I waited a few weeks until I found out that we couldn’t wait anymore. We were at my in-laws family reunion, held in my hometown, trailers and tents crowded along the frayed river’s edge. Sylvia had settled herself next to an elder aunt who was caring for a miniscule kitten who mewed feebly in protest when the equally small bottle was pressed to its mouth. She has always adored and revered animals, and amongst the group of semi-strangers, she had found a little nook to place herself.


I walked off to the bathroom and on my way back discovered a deserted paint ball course. It was otherworldly—concrete structures build fifty feet into the air, ropes hanging from branches and old military vehicles rusted and splattered with neon paint. I started snapping pictures and didn’t realize how much time had gone by until I heard my name in the distance. My husband was calling to me, on the other side of a barbed wire fence.

The sky had darkened and bulbous clouds hung full above us. As we walked back to the campground, lightning began to spread across the twilight. People were running under shelters, tarps, carrying children and armloads of food into their tents. “There they are,” we heard behind us and see Sylvia walking with my mother-in-law. “She was looking for you guys.” Immediately, I saw that something was wrong. Why did I leave for so long? How could I have gone into that Other World, not thinking about Sylvia? I had assumed she would stay with the kitten.

She and I got to the car, waving goodbye, leaving my husband to stay with his family. My heart was racing. As soon as the door clicked shut, she began to cry. Not just any kind of cry, but like an animal—sobs ripping from her, torrential and unstoppable. I had never seen her cry like this. In fact, I could probably count the times she’s cried over her lifetime on two hands. Her stoicism is one of her defining characteristics—no tears when her father left, no tears when her beloved rabbit died, no tears when she punched the class bully and then got socked in kind. “I couldn’t find you or dad,” she wailed.

“Sweet pea,” I crooned, holding her hand, her long fingers shaking beneath my grasp. I drove us down the road a bit and parked. Rain was battering the windshield and the streets with such impact that it looked like the rain was pushing up through the concrete. “Can you tell me what’s happening?”

“Since Nonie died, it’s been like this,” she began. “All I can think about is that you and dad will die and I will be alone.” She described how she couldn’t bear to be near the kitten any longer, its helplessness so acute, and so she walked down to the river’s edge, looking for us. The skyline was stunning, big weather winding up its colors and heft, and this also broke her heart. “Everything beautiful hurts,” she explained, and when she couldn’t find us, the Future Without came down on her, hard and sharp, flaying what was left of her protective artifice.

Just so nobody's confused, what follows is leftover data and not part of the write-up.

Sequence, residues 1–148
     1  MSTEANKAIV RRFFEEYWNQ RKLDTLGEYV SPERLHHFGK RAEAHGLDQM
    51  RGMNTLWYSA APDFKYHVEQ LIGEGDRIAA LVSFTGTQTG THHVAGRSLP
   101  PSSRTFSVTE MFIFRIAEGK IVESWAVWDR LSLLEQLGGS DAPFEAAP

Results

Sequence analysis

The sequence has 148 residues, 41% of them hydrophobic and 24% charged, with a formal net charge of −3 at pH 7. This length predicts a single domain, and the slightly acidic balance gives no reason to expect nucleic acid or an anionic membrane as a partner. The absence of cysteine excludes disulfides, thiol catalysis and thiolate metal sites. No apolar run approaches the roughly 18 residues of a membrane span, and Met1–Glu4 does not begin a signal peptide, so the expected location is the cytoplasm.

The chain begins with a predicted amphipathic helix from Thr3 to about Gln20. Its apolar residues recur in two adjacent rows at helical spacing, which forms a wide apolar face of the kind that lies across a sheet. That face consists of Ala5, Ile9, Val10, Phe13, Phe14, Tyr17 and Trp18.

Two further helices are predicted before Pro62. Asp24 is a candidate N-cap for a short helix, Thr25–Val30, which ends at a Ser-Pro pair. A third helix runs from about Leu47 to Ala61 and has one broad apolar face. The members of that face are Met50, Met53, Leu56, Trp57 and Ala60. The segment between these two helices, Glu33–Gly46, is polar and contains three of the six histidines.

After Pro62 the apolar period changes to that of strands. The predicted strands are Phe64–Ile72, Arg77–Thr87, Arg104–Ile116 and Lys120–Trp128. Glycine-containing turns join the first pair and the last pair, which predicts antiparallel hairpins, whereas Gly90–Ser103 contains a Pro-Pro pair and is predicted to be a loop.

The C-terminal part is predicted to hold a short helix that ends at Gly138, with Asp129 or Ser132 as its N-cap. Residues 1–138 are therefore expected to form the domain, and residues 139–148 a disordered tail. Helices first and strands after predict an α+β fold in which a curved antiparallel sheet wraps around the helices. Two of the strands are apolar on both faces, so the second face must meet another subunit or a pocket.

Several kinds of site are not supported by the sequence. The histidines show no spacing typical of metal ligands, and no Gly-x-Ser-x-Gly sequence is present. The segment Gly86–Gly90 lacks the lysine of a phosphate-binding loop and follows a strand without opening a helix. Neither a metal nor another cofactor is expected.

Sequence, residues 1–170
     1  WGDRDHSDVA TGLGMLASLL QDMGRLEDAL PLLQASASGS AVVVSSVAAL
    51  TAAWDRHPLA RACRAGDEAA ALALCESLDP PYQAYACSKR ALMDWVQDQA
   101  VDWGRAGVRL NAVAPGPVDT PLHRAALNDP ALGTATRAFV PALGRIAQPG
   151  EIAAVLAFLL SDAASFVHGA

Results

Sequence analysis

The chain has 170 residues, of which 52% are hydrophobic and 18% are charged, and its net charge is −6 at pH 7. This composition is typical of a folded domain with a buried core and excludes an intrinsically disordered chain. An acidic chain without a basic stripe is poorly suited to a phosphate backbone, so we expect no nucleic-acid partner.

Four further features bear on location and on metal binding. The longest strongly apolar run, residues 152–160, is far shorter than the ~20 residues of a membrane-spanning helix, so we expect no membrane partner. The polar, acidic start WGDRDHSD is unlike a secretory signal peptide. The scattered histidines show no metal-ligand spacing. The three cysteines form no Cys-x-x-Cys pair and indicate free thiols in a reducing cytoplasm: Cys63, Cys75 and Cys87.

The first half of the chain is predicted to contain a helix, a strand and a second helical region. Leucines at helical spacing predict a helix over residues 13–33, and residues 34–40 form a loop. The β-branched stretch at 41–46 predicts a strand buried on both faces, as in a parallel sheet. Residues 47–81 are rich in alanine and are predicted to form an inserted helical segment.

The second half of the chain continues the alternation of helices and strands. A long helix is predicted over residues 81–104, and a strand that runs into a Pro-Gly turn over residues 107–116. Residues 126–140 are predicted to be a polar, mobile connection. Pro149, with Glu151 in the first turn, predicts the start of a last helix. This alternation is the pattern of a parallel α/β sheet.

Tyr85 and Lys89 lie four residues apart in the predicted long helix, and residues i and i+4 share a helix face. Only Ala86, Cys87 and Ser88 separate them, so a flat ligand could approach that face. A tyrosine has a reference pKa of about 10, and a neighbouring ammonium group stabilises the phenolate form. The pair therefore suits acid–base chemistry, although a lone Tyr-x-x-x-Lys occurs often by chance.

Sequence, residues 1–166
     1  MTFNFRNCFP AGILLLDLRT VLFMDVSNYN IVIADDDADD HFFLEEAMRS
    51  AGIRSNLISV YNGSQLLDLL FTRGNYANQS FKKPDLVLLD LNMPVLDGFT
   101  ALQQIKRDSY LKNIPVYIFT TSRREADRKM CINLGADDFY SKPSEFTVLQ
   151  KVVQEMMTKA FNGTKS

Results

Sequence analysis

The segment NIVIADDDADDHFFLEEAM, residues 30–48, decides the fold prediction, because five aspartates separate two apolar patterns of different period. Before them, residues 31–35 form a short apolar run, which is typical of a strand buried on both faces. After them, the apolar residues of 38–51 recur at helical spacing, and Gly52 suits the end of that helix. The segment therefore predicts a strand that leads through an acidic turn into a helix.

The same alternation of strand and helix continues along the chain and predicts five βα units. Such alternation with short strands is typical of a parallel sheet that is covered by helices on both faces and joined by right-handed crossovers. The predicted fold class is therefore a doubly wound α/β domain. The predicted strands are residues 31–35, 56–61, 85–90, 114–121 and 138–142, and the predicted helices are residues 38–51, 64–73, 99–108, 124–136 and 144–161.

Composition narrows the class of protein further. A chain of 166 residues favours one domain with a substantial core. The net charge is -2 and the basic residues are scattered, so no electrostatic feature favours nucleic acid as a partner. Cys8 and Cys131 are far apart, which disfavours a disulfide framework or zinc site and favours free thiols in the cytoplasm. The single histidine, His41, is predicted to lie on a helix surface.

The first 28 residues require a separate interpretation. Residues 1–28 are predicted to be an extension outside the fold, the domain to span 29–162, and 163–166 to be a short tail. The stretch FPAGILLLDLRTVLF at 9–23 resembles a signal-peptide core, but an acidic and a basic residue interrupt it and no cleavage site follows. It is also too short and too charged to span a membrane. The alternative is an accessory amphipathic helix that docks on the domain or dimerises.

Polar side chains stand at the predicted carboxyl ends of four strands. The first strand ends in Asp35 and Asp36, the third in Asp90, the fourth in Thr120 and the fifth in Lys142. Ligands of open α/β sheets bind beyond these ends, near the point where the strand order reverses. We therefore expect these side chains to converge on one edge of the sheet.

The car windows were steamed. We sat, holding hands, for a long time.

Sylvia’s sobs began to lessen, “I don’t know what to do anymore, Mom. I’ve tried everything I can think of to make myself better and nothing works. Even when I’m happy for a moment, I know that the sadness is going to come back, sometimes worse.”

I told her that I know what this feels like, that we are in best possible place to make things better because we haven’t tried anything yet, and there are so many things to try. I told her I would not stop searching until we’d found something that relieved her suffering. I thanked her for letting me in, for allowing me the hold her pain, bright and heavy as it was.

I stopped myself from saying anything else. It wasn’t the time to show her the iridescent scar constellation on my forearms, describe the months I spent in a locked-down fortress, uniformed armies walking me in and out of rooms until I could walk there myself. This was her moment, not mine.


Sylvia’s therapist is convinced she is a “Rainbow Child”—someone who was born to this world to remake it, to heal and to lead. I recalled sitting years ago with her Kindergarten teacher and confessing that I didn’t know how to parent this child. Her self-possession was beyond what I had read about or experienced. She confessed to me then that she had never seen such a complete and unwavering will in a child herself.

What an amazing diagnosis—a Rainbow Child! When in the hospital dealing with my troubles, they labeled me: Major Depression, Suicidal Ideation, Risk of Self Injury. Two decades later, I have hope that we are finding new names for suffering. Words accurate to the ways we all reach for the essential good. Understanding what we lack sometimes is technique.

I know that Sylvia saved my life. At nineteen, feeling her strong kicks and bold breaches against my belly was the purest touch I had ever received from another being, my own low pulse speeding up to catch the certain rhythm of hers. Born in tandem with her was a ferocity I had never known before, as if each of the warriors fighting within me, turned their swords toward the world—a phalanx built over her bassinette.

I know that her life will not be like mine. And in other ways, it will.

She will get stoned. She’ll get so drunk she can’t stand. She’ll meet someone she can’t live without. If I were a good mother, this is what I would hope for—to turn up the contrast, to have it all. Most of the time, I no longer fear what’s coming or whether I’ve fucked it up. It, I understand now, is everything: the offering between her body and mine, the impossibility of protection, the necessity of being known, of missing someone before they’re gone. We are finding our way.

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About the Author

Sarah Pape teaches English and works as the Managing Editor of Watershed Review at California State University, Chico. Her poetry and prose has recently been published in The Rumpus, The Adirondack Review, The California Prose Directory, California Northern, The Superstition Review, The Southeast Review, Hayden’s Ferry Review, and others. She is currently working on a full-length poetry manuscript and collection of essays.